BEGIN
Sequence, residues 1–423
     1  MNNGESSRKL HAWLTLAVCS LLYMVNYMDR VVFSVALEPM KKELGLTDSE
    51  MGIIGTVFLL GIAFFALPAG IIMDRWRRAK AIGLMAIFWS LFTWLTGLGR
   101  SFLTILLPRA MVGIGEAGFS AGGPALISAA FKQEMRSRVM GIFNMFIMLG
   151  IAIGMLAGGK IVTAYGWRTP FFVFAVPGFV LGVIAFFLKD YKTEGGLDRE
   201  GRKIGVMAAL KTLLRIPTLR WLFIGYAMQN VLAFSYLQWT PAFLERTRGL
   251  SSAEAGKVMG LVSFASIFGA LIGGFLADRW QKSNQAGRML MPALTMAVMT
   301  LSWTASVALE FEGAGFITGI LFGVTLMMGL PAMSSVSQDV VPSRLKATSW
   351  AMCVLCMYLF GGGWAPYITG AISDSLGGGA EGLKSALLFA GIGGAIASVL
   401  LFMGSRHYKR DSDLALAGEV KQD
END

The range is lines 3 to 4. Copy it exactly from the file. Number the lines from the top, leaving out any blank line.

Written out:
    51  MGIIGTVFLL GIAFFALPAG IIMDRWRRAK AIGLMAIFWS LFTWLTGLGR
   101  SFLTILLPRA MVGIGEAGFS AGGPALISAA FKQEMRSRVM GIFNMFIMLG